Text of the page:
wanders along the verandah and falls down to another, slightly below the
first. Soon the draped form, rather a nice draped form, comes out and
calls. Alas! the small clever one can't get back, though it struggles
and whines.

What a fuss, what a pother then occurs in the upper room, but there's no
way to it, she must be retrieved by way of the room below.

Now a knocking is heard, and a bashful colonel trembles to this day at
the risk he ran when that daring draped form crossed his room and
returned, carrying her darling. The romance missed fire; it needs more
than a dog to make history in the land of the elephant!

I wander about, slowly descending to the lakeside where I sit a moment,
soon to be chased away by flying pests. As I come back, I hear two
voices; others parade under the moonbeams. Voices carry at night. An
irate wife upbraids a penitent husband, "Hunting is all right in its
way, but it's painfully ridiculous to chase three days with the best
Government Shikaree only to wound an eland in the tail."

To-night is humorous--Africa's form of humour is not apt to be light.
I'll retire, or she might try and get me stabbed by the sentry.

So funny, don't you know!

Chapter V

Uganda and the Sudan

I. Purification.
II. Xmas Eve.
III. White Man's Law.
IV. My Lords.
V. Papyrus.
VI. Tropical Forest.
VII. Voodoo.


Earth's cracks seem to go down to some eternal fire; grass stems shiver
and break; leaves corkscrew back on their branches; brown and desolate
are the hills, grey and desolate are the plains. The end of the dry

The antelope travel each night miles to slake their thirst. The river
has dried up. The elephant cannot dig to water; even the industrious
rhino, after hours of spade work in the river bed, leaves a ten-foot
well discontentedly, to trek twenty miles to the waterhole.

At these times the patient, sun-bearing, thorn-torn, mile-weary sporsman
gets his recompense.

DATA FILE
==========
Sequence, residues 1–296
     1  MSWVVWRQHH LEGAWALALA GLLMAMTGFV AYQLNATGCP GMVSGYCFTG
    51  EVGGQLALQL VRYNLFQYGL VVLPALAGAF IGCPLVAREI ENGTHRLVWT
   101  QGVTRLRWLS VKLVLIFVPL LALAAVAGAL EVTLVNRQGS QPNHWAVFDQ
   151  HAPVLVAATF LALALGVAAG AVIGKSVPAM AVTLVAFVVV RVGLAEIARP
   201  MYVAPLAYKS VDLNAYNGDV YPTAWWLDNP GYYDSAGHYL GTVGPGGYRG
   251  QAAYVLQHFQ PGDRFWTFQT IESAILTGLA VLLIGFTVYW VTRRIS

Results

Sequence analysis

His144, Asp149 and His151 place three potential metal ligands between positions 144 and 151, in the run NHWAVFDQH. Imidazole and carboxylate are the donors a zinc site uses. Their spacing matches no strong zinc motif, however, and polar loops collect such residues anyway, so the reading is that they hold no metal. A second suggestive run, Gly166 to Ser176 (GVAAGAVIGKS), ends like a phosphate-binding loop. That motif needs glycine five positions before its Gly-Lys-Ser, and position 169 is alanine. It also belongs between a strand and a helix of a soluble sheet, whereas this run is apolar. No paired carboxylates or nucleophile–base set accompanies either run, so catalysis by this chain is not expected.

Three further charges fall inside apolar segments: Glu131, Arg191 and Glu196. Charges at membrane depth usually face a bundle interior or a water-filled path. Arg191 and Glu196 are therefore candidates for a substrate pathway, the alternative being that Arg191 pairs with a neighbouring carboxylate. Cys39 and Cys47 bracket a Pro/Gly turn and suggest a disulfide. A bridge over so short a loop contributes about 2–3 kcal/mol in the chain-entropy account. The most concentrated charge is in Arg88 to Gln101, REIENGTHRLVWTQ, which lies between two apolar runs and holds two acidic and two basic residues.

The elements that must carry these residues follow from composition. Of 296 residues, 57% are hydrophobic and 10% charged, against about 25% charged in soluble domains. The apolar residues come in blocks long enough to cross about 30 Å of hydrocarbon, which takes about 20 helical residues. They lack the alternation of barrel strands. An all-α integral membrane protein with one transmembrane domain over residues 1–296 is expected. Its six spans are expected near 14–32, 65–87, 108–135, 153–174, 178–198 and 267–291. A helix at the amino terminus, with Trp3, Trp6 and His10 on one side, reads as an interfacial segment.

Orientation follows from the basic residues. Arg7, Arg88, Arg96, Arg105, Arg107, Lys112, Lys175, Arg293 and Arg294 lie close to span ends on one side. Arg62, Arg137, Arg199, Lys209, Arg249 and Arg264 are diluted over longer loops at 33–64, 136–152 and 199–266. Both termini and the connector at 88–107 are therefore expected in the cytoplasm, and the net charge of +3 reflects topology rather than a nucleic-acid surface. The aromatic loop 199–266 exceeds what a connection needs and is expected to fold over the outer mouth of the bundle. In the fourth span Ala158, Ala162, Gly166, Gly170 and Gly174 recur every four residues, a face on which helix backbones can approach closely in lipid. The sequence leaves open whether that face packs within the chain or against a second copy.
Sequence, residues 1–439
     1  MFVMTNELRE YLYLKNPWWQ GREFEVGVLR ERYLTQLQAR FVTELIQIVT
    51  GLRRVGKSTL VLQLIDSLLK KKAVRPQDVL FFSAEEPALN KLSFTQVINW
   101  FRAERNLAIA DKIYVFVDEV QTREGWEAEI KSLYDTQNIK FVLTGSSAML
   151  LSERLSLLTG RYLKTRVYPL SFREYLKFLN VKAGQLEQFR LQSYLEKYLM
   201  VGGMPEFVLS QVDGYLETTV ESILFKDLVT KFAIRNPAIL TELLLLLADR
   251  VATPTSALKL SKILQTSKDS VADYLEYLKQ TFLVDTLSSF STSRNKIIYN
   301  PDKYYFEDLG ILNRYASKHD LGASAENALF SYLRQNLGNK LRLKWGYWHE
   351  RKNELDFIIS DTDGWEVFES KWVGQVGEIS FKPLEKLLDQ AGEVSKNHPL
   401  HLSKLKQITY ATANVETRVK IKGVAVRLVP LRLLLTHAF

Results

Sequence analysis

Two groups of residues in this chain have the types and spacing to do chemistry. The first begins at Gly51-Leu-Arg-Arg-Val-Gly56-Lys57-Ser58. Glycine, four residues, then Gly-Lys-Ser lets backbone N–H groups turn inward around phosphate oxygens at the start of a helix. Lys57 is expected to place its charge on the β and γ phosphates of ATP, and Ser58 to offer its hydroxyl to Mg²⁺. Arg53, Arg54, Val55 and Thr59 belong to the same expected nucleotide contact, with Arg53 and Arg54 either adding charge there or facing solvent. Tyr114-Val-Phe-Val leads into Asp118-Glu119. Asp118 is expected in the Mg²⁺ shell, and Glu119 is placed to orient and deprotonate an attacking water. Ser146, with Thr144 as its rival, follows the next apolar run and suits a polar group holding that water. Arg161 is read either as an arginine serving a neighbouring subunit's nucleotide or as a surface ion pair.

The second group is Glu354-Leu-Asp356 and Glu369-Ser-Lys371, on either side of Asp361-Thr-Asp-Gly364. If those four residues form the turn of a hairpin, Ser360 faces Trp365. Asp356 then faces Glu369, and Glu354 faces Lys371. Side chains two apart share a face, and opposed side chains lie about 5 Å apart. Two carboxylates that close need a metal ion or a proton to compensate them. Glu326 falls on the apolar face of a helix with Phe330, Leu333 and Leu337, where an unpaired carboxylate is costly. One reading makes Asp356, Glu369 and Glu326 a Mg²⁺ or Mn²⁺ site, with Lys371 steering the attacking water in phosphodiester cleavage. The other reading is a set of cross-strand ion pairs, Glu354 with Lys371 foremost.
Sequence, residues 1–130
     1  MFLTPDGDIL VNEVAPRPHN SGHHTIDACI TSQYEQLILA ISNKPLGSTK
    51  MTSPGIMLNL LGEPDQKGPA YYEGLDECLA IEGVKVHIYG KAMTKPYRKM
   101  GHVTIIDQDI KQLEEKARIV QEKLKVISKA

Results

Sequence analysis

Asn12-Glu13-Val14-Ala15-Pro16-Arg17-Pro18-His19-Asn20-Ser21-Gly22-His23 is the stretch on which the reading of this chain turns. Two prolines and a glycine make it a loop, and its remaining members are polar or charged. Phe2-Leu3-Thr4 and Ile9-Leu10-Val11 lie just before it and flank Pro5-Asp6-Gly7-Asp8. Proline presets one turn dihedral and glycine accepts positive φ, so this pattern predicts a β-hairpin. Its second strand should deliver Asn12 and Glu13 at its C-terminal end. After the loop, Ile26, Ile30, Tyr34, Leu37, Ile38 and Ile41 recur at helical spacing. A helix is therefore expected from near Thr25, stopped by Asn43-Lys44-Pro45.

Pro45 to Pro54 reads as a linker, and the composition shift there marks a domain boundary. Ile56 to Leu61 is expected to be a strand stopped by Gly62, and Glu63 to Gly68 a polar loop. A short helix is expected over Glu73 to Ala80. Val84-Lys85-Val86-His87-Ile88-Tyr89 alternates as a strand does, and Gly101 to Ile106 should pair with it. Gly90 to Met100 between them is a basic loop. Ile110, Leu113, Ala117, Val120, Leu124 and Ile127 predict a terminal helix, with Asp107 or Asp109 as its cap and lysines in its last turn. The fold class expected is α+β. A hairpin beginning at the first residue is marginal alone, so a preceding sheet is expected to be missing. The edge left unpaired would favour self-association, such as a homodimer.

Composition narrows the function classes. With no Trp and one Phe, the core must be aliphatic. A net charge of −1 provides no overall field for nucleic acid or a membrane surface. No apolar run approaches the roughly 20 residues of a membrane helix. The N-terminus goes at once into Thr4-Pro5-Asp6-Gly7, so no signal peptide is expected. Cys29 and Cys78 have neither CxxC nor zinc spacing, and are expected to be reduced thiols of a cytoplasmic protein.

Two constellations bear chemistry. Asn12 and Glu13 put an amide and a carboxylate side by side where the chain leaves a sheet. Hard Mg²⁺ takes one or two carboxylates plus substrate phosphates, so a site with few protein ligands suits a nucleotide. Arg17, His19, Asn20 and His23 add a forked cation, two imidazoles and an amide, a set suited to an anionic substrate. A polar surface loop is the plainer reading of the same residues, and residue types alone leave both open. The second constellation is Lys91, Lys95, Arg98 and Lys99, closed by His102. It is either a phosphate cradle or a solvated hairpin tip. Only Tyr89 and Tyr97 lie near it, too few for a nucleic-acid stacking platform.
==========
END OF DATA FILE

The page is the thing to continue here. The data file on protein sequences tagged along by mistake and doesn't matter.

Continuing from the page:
Around the waterhole, some truce declared, the animals come to quench
their thirst and wearily tell tales of desolation and waste. The giant
kudu from the hills, his twirling horns towering above him in great
curves, stamps his foot with impatience and tells of a thirty mile trek
through the scrub, of his waterfalls gone dry, of his favourite shades
thin and uninviting. The gazelle from across the plain frets and fights
his brother, his coat is mussed and dusty, his feet are sore, while his
doe, with melancholy eyes, nuzzles her thin trembling lawn. Who can tell
which of them will live when the rains come.

A lonely giraffe cow straddles her legs and bends her knees for a twenty
minute drink. The elephant shuffle against each other with sounds of
scraping bark. A red-eyed tiang bull eyes a lioness with panting cubs
across the quiet pool.

A striped hyena looks hungrily at the gaunt, heaving sides of an old
battle-scarred half-dead buffalo; the carrion crow and the vultures
share his wonder, while two sapient old marabout storks, one leg down to
the wet sand, boredly snap their beaks in contempt. They know. At this
season the carrion feeders of the land wax fat and prosperous.

Last-comer, dealer in ill tidings, tongue hanging, coat unlicked, eyes
glazed, limps down leading his herd, the eland, king of antelopes.

He has travelled far, bringing the news: the fires are lit on the plains
fifty miles away. He has trekked day and night, migrating.

The vultures fly away pleasedly remembering past feasts at such times,
even the marabout storks show interest, drink, to depart silently
through the air with great swinging strokes of their giant wings.

Having drunk, all go; go down to the south, towards the land of the
great rivers, migration from fire towards water.

The elephants sway on three legs, rubbing a still sore sole on a rugged
leg, remembering the agony when the natives fired a circle around them
some months back. The bones of half the herd rattle to the scraping of
some straying jackal in that murderous dip where they were caught...

Hunching their shoulders, they glide away on their three hundred mile
trip, a swinging pace, ten miles to the hour, till, in the shadows of
the great river, they will plunge and splash, squirting themselves in
trumpeting, jocose delight.

Ten hours later, roaring up the valley, a wall of fire rushes, crackles,
assaults the hills, crashes along ridges, the rocks crackling like gun
shots, the smaller birds of prey above it, in front of it, picking the
terrified scurrying rodents with one swoop.

The plain is now blackened, smooth as your hand; one or two tortured
thorn trees rear their scarred branches to the blazing sun, while a root
smoulders along the earth.

That once pleasant waterhole is now bleached; the spreading trees have
lost their leaves, and soon the small remaining puddle will waft its way
towards the distant range, a fleecy cloudling.

That night the wind comes up as some furnace blast, carrying sparks and
stenches of roast flesh. High up on the hills lines of flickering lights
waver and carry on over the crest their work of destruction and

The tired hunter ceases his vigil, the danger is passed; he unfolds his
tent, eats a smoked unpalatable meal and tries to rest. As he dreams and
mumbles in his impatient sleep, the heat beats up from the burnt earth,
every hour getting more unbearable.

And then a ping on his taut tent canvas, like the pinched cord of a